A further complicating factor is the American attitude. Washington, in an act of cynicism that has shocked even hard–bitten realists, want to let the Russians stew a bit in Syria. The US is urging an ‘exercise in strategic patience’ to see how deep a hole the Russians will dig for themselves there. Obama is seemingly happy to see Russia dragged in deeper and deeper on the basis that Vladimir Putin will ultimately have to make a humiliating retreat from backing Assad. The US view is summed up to me as: ‘The Russians have bitten off more than they can chew; it’s more like Afghanistan than anything else.’

President Obama is not an easy ally to have. He has no grand strategy, his approach is hard to read and he tends not to return calls at crucial times. One senior government figure says his foreign policy is characterised by ‘indifference and retreat’.

But whatever gripes Whitehall might have about Washington, one fact can’t be avoided: the consensus in Britain about foreign policy has broken down. Labour, still in trauma about the Iraq war, is now a non-interventionist party. When asked during the leadership election, Corbyn couldn’t think of a circumstance in which he would deploy British forces abroad. This makes it very hard to see how the Corbyn-led Labour party would ever support a parliamentary motion approving the use of force. So any such Commons vote will be extremely tight.

The anti-interventionist mood extends beyond the Labour party. After all, if Corbyn and Labour were the only bar to bombing in Syria, Cameron could simply use the Tories’ parliamentary majority to gain approval for it. There is now, though, a strand of Tory thinking that believes western intervention in the Middle East does more harm than good and that the area is best left alone. This bloc of opinion, combined with Labour’s anti-interventionist position, will make it very hard for any Prime Minister without a thumping majority to win parliamentary approval for the use of force in that part of the world.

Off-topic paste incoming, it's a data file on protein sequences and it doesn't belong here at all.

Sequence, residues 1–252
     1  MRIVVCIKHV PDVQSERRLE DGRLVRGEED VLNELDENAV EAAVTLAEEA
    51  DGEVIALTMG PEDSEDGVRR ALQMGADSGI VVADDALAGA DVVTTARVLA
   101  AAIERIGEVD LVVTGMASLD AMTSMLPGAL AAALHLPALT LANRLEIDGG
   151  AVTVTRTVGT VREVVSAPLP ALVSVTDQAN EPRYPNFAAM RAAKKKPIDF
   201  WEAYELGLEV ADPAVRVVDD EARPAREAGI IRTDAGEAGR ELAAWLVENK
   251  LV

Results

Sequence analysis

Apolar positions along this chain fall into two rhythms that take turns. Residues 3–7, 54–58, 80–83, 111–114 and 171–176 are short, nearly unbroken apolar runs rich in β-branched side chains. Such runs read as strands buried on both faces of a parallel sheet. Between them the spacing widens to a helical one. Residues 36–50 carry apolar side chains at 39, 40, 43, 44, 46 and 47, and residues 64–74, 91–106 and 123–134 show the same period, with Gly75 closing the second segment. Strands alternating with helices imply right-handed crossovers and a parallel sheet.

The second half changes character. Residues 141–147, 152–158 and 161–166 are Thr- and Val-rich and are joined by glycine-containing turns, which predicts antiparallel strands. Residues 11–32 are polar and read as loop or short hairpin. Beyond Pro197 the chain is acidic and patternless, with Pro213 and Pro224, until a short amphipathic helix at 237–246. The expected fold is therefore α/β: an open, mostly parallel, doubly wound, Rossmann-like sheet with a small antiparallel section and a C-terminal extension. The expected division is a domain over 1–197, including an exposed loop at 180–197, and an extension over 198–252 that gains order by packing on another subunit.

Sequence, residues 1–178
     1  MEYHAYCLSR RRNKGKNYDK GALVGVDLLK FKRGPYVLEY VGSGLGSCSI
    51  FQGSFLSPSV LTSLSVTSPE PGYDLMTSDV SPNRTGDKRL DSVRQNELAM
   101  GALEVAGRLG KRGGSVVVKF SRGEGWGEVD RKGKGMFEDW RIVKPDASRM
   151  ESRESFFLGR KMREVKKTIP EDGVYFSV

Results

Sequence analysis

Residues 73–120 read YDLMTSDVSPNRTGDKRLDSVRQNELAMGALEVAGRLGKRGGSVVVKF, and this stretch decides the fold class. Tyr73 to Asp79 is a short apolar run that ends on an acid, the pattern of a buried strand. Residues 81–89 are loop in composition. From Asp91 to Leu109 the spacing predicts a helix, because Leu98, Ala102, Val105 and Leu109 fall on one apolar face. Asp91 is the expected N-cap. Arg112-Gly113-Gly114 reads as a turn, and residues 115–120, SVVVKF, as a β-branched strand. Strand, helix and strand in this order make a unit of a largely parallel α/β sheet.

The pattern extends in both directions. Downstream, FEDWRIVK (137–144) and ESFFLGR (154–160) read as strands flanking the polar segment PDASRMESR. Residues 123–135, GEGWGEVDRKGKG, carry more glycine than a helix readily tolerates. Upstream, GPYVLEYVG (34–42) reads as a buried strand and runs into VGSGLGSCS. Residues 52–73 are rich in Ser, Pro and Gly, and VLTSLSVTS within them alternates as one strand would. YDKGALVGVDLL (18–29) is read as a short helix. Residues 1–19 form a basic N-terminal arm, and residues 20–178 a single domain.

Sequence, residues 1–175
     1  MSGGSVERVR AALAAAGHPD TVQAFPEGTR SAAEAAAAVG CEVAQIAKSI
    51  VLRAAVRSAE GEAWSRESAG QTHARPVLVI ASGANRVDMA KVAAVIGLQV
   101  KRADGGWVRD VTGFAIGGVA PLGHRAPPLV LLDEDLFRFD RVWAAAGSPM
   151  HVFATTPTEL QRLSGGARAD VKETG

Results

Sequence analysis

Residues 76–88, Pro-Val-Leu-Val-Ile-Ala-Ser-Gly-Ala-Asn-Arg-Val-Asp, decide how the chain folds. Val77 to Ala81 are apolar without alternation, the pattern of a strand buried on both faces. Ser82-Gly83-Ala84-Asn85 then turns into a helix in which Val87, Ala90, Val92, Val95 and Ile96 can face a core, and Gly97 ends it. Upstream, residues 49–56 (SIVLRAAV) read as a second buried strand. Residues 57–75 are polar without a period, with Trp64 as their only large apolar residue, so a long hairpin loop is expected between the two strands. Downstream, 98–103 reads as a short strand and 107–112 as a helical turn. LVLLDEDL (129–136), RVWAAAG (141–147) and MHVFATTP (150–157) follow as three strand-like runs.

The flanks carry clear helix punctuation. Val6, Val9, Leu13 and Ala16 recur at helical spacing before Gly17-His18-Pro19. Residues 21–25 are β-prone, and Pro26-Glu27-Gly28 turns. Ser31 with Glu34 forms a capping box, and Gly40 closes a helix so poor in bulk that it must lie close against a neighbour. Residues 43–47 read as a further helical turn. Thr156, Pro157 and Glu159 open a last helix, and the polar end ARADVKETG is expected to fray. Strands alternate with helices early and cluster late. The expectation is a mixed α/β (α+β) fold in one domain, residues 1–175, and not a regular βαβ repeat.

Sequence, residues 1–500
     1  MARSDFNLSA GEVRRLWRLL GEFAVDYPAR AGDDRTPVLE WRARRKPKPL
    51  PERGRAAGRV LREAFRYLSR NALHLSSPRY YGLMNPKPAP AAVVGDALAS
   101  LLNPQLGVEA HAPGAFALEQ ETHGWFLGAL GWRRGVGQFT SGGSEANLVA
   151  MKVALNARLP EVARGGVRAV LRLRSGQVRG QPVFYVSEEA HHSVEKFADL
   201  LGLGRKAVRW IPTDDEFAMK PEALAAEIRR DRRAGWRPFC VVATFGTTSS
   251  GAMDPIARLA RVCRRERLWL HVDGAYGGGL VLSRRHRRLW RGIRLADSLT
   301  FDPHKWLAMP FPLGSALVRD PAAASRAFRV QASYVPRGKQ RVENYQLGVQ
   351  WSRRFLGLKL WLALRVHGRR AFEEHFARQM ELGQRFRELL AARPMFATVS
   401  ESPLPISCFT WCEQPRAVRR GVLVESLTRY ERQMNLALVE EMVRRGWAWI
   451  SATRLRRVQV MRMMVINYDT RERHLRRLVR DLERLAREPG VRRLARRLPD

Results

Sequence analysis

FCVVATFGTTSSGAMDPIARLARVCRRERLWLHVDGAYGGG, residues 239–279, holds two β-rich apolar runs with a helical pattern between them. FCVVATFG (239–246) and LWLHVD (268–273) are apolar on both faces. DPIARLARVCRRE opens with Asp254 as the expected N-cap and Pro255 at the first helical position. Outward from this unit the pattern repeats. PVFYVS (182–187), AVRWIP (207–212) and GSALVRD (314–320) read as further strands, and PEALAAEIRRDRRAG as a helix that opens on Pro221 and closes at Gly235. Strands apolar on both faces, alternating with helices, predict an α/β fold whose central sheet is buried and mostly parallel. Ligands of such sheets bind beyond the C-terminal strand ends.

Tony Blair offered the Commons avote before British forces entered Iraq in 2003 as part of his effort to persuade MPs to back the invasion. But the legacy of that decision and the war itself is that no British Prime Minister will ever again have the freedom of action that he once had in matters of war and peace.

Got something to add? Join the discussion and comment below.

You might disagree with half of it, but you’ll enjoy reading all of it. Try your first 10 weeks for just $10

Show comments
  • rtj1211

    What people want is a humane consensus on what happens AFTER the bombing. We all know that the West can waste a trillion dollars bombing a middle eastern country.

    What we don’t know is whether the West can actually create a sustainable peace afterwards.

    If they can’t, then it’s either death now or death to a greater degree in 10 years time.

    That’s the lesson of Iraq…….

    • Frank

      The lesson of Afghanistan and Iraq may be that you have to bomb the correct country!
      Yes, you could currently bomb Syria, but perhaps it would be much more effective to bomb Iran and sundry other ME countries supporting the various military factions in Syria.

      • Toy Pupanbai

        We’ve had 150 years of experience in Afghanistan.
        I can’t help thinking we’re a bit thick!

        • Frank

          Yes, because we attack the agents not the source of the disease.

  • ViolinSonaten b minor.

    Well regardless of whatever war in the Middle East and those who were there in a military
    and medical capacity will always remember the carnage ( it will never be forgotten, what it was like there). And now we face the consequences.
    The job in Iraq/ Afghanistan should have been completed and the Libya debacle has just led
    to a terrorist h8llhole.
    Our military is at rock bottom and our enemies surround us like vultures, it really doesn’t bode to well if we are at war again- and we shall be at some point when our leaders wake up